Royal Wedding Wednesday Get Me to the Church on Time. Prince Harry and Miss Meghan Markle have selected St. George’s Chapel at Windsor Castle as the site where their wedding vows will take place.
Royal Wedding Wednesday Get Me to the Church on Time
St. George’s has a seating capacity of 800 people. It is much smaller than Westminster Abbey where there are 2,000 seats available. But since this wedding is not a state occasion (as HRH Prince Harry will then be fifth in line to the throne) heads of state do not have to be invited. So it is perhaps the perfect size for the engaged couple.
The chapel was established in 1348 by King Edward III. It is the Mother Church of the Order of the Garter (the most prestigious British order of chivalry). The member’s heraldic banners often hang above the upper stalls of the choir.
The Quire of St George’s Chapel, Charles Wild, 1818.
St George’s Chapel was a popular destination for pilgrims during the late medieval period as it was believed to contain many religious relics. During the English Civil War, the Chapel suffered a great deal of destruction. Additional pillaging occurred in 1643.
St. George’s Chapel at Windsor Castle, Lower Bailey by Joseph Nash in 1848.
After the restoration of the monarchy, a program of repair was undertaken. Further changes were made to the architecture of the chapel during the reign of Queen Victoria.
St. George’s Chapel is one of the finest examples of Gothic architecture in England. The magnificent stone fan vaulting is particularly noteworthy.
The chapel has hosted royal weddings for centuries. Queen Victoria’s eldest son, the future King Edward VII and Queen Alexandra were married there in 1863.
More recently Prince Edward, Queen Elizabeth’s youngest child, married Sophie Rhys-Jones in June of 1999.
After a civil service at Windsor Guildhall Prince Charles and Camilla had a Wedding Service of Prayer and Dedication in 2005.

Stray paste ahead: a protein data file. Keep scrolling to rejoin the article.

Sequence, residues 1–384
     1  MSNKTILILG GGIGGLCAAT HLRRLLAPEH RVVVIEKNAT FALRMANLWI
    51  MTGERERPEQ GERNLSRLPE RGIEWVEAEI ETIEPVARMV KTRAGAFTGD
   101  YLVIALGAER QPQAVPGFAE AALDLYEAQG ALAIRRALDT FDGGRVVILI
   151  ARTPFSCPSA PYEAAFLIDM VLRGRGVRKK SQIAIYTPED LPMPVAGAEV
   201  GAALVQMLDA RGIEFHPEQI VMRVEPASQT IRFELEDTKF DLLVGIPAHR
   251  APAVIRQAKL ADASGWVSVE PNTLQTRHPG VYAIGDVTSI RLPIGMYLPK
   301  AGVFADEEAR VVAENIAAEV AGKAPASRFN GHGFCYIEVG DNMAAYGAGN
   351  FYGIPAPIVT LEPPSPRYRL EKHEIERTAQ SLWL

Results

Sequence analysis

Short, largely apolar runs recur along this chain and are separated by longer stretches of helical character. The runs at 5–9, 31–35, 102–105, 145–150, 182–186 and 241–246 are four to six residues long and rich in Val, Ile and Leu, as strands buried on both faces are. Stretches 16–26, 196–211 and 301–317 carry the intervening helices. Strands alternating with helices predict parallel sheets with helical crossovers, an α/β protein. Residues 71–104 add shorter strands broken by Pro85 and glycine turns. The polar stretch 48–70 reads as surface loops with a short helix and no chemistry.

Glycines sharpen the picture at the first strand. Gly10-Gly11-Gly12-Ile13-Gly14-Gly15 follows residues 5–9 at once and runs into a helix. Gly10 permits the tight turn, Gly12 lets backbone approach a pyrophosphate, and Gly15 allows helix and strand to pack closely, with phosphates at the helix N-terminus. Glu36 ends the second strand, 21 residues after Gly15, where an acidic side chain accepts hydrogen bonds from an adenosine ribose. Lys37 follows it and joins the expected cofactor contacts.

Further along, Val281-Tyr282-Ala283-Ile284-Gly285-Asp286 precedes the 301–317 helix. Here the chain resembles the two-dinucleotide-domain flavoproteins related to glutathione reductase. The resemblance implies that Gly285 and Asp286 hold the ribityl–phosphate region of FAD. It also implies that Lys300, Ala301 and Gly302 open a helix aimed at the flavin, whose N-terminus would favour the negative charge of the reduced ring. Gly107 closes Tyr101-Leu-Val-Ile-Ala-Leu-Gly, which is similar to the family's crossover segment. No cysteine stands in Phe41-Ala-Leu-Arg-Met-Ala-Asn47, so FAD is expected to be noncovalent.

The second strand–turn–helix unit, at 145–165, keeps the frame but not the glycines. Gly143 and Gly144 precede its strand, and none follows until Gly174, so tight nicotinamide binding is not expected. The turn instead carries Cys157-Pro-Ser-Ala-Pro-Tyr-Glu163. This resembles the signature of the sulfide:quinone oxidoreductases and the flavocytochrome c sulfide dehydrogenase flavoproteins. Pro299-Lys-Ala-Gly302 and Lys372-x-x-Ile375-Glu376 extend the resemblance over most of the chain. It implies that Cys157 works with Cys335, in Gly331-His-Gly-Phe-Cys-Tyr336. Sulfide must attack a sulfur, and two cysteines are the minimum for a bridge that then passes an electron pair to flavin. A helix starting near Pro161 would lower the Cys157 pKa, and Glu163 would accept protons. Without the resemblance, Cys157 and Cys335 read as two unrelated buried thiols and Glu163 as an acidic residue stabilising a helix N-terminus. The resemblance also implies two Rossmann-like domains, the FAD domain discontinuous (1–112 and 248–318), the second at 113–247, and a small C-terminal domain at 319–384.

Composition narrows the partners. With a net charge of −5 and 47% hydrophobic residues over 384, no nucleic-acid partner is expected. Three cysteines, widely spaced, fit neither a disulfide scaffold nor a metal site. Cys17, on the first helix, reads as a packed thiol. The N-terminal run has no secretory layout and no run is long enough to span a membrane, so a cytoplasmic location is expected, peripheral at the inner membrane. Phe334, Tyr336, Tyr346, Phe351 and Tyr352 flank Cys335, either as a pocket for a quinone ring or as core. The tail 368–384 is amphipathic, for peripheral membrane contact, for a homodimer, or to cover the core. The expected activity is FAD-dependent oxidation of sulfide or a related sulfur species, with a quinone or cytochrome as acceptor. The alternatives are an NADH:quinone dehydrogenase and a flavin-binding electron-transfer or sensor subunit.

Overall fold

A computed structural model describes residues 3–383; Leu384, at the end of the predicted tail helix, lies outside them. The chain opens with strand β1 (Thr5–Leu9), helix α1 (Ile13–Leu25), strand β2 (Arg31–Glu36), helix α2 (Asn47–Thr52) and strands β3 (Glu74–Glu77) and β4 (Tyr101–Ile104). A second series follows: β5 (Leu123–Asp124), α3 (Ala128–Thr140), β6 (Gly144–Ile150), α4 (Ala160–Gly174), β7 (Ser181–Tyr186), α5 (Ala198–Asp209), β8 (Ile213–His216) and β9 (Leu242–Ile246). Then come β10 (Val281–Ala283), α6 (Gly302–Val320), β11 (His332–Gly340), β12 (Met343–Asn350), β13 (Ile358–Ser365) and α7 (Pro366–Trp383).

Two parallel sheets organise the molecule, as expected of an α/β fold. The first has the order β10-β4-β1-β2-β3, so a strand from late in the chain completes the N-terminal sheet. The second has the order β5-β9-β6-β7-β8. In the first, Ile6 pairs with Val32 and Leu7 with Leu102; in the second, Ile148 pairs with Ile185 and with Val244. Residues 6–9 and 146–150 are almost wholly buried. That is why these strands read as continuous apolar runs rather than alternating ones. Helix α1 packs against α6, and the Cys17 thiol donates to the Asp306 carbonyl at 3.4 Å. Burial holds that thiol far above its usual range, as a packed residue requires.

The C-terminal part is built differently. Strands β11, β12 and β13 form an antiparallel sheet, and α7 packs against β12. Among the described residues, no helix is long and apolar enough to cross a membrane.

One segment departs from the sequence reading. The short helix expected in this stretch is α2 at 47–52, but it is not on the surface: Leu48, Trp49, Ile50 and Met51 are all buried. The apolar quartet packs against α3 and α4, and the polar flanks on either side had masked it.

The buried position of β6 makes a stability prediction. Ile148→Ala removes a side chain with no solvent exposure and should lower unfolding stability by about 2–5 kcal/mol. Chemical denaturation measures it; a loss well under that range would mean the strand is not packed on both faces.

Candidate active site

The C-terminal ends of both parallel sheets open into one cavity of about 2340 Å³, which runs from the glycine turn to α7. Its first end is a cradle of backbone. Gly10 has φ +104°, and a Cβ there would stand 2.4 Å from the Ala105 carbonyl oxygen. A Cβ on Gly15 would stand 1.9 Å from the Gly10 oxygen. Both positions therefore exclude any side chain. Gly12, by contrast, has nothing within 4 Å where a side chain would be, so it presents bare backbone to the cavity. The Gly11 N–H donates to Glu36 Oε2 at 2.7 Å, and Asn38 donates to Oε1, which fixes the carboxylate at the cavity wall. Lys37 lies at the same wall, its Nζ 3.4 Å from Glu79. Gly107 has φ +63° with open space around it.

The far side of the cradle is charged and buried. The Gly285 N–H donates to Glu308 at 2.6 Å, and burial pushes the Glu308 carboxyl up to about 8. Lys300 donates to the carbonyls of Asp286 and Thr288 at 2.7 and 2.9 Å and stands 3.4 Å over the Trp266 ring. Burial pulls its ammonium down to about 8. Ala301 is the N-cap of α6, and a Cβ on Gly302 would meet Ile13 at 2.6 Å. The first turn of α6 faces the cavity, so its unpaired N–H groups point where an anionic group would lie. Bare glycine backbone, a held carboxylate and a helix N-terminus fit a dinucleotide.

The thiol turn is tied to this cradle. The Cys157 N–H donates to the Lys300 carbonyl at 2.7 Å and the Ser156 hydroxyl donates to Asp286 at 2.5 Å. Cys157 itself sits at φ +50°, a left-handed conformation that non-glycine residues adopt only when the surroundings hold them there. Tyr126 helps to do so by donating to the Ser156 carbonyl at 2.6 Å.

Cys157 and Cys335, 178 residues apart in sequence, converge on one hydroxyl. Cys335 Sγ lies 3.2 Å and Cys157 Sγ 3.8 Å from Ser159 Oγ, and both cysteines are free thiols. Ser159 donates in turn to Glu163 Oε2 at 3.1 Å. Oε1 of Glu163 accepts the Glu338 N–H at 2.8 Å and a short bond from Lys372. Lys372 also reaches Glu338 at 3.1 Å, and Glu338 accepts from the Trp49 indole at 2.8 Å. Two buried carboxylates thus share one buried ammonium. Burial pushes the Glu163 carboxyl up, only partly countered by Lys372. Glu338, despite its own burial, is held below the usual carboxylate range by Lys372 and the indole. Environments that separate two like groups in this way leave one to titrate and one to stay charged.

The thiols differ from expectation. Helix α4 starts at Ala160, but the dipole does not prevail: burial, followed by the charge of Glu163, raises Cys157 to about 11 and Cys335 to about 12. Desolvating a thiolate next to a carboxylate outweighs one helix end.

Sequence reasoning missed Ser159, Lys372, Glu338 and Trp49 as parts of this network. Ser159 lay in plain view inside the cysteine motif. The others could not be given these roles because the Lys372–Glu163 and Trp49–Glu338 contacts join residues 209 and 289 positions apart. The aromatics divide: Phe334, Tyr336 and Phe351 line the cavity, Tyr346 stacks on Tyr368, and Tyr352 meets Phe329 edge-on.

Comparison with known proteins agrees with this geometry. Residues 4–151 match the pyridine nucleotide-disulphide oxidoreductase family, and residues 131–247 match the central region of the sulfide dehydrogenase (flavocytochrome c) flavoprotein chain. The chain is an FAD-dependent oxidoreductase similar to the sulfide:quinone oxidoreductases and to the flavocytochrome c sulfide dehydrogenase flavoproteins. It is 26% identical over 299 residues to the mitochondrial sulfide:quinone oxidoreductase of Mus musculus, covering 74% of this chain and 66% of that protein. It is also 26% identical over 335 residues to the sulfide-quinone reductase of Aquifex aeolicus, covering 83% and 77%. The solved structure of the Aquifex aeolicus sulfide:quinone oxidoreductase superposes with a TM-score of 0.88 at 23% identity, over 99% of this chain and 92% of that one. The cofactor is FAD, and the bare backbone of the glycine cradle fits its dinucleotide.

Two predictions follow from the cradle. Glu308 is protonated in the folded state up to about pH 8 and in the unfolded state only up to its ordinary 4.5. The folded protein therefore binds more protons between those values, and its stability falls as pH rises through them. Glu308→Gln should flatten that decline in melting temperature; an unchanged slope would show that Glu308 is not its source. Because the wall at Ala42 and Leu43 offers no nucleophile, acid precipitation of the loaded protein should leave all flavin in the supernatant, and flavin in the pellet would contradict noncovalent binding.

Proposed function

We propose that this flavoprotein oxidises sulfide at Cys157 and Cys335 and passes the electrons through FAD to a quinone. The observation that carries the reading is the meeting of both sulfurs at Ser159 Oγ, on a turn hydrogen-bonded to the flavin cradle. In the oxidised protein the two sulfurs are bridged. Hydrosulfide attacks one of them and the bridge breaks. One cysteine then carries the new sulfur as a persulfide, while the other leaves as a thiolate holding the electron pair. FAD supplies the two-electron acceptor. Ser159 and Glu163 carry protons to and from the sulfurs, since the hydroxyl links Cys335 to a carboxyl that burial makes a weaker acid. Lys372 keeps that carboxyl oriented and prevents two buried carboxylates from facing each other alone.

Princess Anne’s son, Peter Phillips, married Autumn Kelly at the Chapel in 2008.
The Duke and Duchess of Cambridge
The Duke and Duchess of Cambridge selected The Collegiate Church of St Peter at Westminster, which is commonly referred to as Westminster Abbey for their nuptials.
Westminster Abbey has been a standing tradition as the selected venue for 38 coronations of English and British monarchs. The first coronation to be held in the Abbey was of William the Conqueror in 1066. This lovely painting of Westminster was done by Giovanni Antonio Canale, known as Canaletto, a proficient Italian painter, during the Rococo era.
Queen Elizabeth’s coronation at Westminster Abbey took place on June 2, 1953.
The Abbey was founded in the 5th century. Its location was selected based on a late tradition that a fisherman called Aldrich saw a vision of Saint Peter near the site. In 1540 the Abbey was granted cathedral status until 1550 by Henry VIII thus ensuring it would be spared from destruction or dissolution. It is possible that the expression “robbing Peter to pay Paul” may have arisen during this period when money meant for the Abbey, which is dedicated to Saint Peter, was diverted to the treasury of St. Paul’s Cathedral.
A portion of the abbey was built between 1245 ~ 1517 in the Anglo~ French Gothic Style. For a time the church was restored to the Benedictines under Mary I of England, who was a Roman Catholic. In 1571 Elizabeth I re~established Westminster Abbey as a “Royal Peculiar”, meaning that the church was directly responsible to the Monarch, rather than to a diocesan bishop.